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Strange Days - Boy George

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I suppose most of you will be familiar with the Talking Heads song Once in a Lifetime. There's a point in the song where David Byrne sings "How did I get here?" It always reminds me of those moments where you have a sudden realisation of the the raw reality of your life; exactly what it is that you are doing, exactly where you are. Not only that, but all those choices, decisions, coincidences and forks in the road that led to this specific set of circumstances, this exact point in space, time, your life. this "awakening can be quite mundane, but just as easily uplifting, shocking, enlightening, depressing or completely bizarre.

I've had more than a few of those last in my life, but the picture that accompanies this post always reminds me of one of them. This particular event took place early in 2002, I think, although the actual event is quite clear in my mind, the precise date escapes me. My girlfriend at the time was a Make-up Artist by the name of Christine Bateman, whose sister Nicola had been married to the larger than life performance artist Leigh Bowery. As a consequence of this Christine was hired by Boy George to design the hair, wigs and make-up for the stage production of his musical Taboo, named after the infamous nightclub once run by his friend Leigh and in which he was a major character.

Thanks to Christine, Danila and I were asked to create some stage jewellery for the show. George asked me to make a chain that he could wear on his face, not only for the show but also so that every time he was photographed for some magazine, it would help to publicise the show. When it was ready I went round to the theatre and asked the manager where I could find George and was informed that he was backstage. I found him in the dressing room, sitting quietly on his own and reading Northern Lights by Phillip Pullman. We exchanged the kind of greetings and peasantries that Englishmen are accostomed to exchange and I showed him the completed chain.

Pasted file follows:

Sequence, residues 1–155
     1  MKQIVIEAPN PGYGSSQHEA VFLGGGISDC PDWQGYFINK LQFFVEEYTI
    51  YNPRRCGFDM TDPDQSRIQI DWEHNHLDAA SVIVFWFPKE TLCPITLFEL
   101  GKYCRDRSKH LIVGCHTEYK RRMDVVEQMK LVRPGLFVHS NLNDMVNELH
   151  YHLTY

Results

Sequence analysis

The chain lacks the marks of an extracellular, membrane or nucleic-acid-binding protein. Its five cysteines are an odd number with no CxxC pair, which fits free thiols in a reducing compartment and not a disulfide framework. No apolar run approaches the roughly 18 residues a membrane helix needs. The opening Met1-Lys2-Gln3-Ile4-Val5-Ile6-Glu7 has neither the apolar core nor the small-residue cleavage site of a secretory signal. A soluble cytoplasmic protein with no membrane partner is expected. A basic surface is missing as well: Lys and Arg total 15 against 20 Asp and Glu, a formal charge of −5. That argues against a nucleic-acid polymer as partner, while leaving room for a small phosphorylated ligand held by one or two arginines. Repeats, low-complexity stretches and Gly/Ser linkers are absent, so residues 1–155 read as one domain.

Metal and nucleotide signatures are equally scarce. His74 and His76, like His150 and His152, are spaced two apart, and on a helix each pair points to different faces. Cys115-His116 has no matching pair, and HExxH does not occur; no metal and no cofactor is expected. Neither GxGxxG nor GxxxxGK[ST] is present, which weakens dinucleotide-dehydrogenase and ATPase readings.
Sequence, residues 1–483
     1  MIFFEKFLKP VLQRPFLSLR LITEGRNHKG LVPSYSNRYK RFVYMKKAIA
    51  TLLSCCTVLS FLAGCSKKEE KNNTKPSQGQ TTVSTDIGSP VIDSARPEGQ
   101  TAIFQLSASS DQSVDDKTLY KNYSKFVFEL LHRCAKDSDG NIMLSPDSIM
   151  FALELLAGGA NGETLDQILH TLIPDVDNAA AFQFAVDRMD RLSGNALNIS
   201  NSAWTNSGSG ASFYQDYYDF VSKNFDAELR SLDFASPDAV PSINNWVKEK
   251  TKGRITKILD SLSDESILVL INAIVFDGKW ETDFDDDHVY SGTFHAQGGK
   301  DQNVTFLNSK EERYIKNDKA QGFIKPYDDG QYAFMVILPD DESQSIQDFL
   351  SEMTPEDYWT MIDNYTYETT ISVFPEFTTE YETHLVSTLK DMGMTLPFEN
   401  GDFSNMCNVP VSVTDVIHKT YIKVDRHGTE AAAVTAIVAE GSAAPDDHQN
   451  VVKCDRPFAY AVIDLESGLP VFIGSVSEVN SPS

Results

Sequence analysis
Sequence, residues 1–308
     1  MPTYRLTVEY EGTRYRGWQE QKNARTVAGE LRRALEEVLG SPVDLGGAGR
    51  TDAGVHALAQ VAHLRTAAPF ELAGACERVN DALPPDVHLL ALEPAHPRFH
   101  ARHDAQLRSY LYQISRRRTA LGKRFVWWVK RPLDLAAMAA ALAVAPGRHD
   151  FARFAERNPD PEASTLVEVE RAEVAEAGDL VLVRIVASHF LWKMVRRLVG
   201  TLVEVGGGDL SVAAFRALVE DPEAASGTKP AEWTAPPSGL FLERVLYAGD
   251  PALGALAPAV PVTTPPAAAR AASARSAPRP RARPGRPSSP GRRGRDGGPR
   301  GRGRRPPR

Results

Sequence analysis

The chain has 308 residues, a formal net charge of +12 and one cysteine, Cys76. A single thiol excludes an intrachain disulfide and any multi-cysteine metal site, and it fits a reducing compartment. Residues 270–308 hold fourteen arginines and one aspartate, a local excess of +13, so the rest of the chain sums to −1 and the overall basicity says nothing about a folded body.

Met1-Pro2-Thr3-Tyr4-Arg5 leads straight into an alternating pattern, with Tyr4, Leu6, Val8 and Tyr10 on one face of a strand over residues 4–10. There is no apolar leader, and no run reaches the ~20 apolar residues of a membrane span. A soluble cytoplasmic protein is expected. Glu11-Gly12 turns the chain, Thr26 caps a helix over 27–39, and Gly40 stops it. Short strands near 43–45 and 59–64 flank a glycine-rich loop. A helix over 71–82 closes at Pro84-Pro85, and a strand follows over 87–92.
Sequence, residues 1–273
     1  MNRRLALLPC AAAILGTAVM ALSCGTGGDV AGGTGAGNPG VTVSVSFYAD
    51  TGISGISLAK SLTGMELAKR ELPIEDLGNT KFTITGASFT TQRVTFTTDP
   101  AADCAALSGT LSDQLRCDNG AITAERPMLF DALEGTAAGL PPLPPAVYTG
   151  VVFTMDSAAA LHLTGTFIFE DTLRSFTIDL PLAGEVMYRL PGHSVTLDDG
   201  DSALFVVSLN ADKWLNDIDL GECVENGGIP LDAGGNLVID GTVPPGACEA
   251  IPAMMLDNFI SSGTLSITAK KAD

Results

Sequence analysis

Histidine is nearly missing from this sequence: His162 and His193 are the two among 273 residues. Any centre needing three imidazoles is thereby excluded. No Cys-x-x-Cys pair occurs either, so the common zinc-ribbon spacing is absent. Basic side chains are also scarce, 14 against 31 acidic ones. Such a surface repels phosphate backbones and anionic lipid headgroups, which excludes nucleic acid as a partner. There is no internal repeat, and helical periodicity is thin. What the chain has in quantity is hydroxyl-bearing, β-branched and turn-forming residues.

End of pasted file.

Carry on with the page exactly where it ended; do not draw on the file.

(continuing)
He was very appreciative and asked me if I would put on for him. It was halfway though the process that I had my little epiphany. It suddenly struck me that this was Boy George. I remembered seeing him for the first time on Top of the Pops; I remembered teenage classroom discussions and speculations in the red-top press about his gender and sexual preferences; I remembered TV appearances and interviews. This man created Culture Club and attracted more attention, spawned more imitators than any other group or individual of the 1980s New Romantic Movement; some might say he was the definitive 80s pop icon. He even had a puppet on Spitting Image. Somehow two decades later despite no connetion to the theatre or the world of popular music, I found myself standing backstage in a West End theatre, casual as you like, as if this happened to me every day, with my finger up his nose.

As John Lennon once sang...

"Strange days indeed."


By Russell Lownsbrough

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